The Month of Elul

Pool of a medieval mikvah in Speyer, dating ba...
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The entire month of Elul, the Feast of Rosh Hashanah, and the nine days separating Rosh Hashanah from Yom Kippur are traditionally days of repentence and fasting in Judaism. Not that one is expected to fast the entire forty-day period (though Yeshua evidentially did after His mikvah), but that partial fasts and shorter full fasts are very common during this time. It was probably these forty days of t’shuva, repentence, that inspired the Catholic tradition of forty days of Lent leading up to Easter.

I’ve written on Hebrewroot and in my book about the prophetic significance of the Feasts of the Lord–or, to translate Mo’edei Hashem more literally, the Eternal One’s Appointments. Those who wish to understand the prophecies of the Scripture need to understand how the Feasts of Israel fit together with the journey of the Exodus.

I’ve written before about Tisha B’Av and how the tragedy and judgment of the Golden Calf have followed Israel through the centuries. Exodus 32:7-11 tells us how after that sin and after the Holy One announced that He would not dwell among Israel because of that idolatry, Moses removed the Tent of Meeting outside the camp so that those who wished to inquire of the Eternal had to go out to do so. And yet, Moses did not abandon Israel, but continued interceding for Israel that God would forgive us and restore His Presence to our midst (vv. 12ff). Finally, God called Moses back up the mountain (34:1f), where Moses stayed with Him for another forty days, fasting and interceding for Israel (v. 28) while God wrote again His covenant on a second set of tablets. The rabbis teach us that it was on Yom Kippur, the Day of Atonement, that Moses descended again with the two new tablets, the sign that the Holy One had forgiven Israel and restored His full Covenant-relationship with us.

In the same way, the Temple was taken from Israel for the sins of idolatry and unwarrented hatred (b.Yoma 9b; see here for more details). The place of meeting was taken outside the camp, so to speak, and into the hearts of the faithful remnant. “Or do you not know that your body is a temple of the Holy Spirit within you, whom you have from God?” (1Co. 6:19). It is to the Church’s shame that so few have followed the example of both Moses and the Messiah in interceding unceasingly for Israel until the day when the Holy One will restore her.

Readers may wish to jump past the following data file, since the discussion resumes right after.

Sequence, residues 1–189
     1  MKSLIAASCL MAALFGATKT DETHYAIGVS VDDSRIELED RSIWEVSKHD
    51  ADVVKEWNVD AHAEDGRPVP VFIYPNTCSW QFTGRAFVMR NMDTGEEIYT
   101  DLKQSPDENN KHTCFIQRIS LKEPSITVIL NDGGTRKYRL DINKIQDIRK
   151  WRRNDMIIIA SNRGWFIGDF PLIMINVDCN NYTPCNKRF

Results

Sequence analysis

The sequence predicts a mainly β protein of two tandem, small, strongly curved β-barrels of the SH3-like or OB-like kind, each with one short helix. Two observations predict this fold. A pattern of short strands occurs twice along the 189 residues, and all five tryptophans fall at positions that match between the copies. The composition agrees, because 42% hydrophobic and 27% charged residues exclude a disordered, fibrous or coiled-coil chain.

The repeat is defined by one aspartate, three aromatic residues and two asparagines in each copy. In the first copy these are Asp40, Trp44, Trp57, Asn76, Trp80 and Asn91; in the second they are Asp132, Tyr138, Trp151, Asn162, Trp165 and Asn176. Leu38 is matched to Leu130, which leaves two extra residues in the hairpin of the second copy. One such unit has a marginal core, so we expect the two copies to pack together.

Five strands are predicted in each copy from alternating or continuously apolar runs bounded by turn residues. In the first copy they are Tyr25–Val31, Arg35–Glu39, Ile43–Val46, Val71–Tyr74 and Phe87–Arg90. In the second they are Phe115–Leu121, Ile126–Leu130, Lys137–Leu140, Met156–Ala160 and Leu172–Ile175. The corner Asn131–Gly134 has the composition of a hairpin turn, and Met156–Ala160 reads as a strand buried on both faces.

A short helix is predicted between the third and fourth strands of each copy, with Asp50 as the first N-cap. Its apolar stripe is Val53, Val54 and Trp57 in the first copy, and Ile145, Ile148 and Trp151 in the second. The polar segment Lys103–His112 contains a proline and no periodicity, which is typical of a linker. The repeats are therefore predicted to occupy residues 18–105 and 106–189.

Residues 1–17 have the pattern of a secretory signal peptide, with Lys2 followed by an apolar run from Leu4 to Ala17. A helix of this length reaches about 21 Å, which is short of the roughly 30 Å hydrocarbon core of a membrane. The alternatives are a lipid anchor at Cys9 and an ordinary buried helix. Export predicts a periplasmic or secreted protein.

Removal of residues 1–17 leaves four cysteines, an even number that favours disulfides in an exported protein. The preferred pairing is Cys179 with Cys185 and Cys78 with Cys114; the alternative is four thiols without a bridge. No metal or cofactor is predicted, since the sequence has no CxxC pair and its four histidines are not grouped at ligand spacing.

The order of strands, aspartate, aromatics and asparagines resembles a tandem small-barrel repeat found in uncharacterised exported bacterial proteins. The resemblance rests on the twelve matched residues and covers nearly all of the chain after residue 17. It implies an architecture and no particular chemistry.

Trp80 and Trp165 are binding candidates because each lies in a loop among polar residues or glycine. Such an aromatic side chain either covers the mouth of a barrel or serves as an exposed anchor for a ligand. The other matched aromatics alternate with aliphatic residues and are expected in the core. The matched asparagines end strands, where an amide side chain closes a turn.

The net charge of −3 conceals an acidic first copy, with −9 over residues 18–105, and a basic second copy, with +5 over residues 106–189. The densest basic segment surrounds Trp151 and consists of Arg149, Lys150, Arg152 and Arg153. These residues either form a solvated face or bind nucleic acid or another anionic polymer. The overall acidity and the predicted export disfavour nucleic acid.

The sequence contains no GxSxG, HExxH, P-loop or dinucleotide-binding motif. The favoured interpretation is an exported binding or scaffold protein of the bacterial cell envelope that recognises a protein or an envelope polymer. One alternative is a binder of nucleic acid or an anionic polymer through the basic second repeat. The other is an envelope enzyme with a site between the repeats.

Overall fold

Prophetically, the month of Elul has a dual significance. Not only does it reflect to a large extent Israel in the present–lacking the Sh’khinah dwelling among the nation, but not lacking the Intercessor petitioning His Return–but it also hints at a time when the Body of that Intercessor will be taken up to the Heavenly Mountain. We’ll look more at this event as we draw closer to Rosh Hashanah.

Spiritually, this is a time of repentance, but also a time of testing. The Adversary is doing everything he can to destroy Israel or to try to provoke God into casting her away. Many Messianics feel an extra amount of spiritual oppression at this time of year, as the Adversary tries to pull us away from the repentance and reconciliation of the High Holy Days. This is a time when we need to be holding each other up in prayer.


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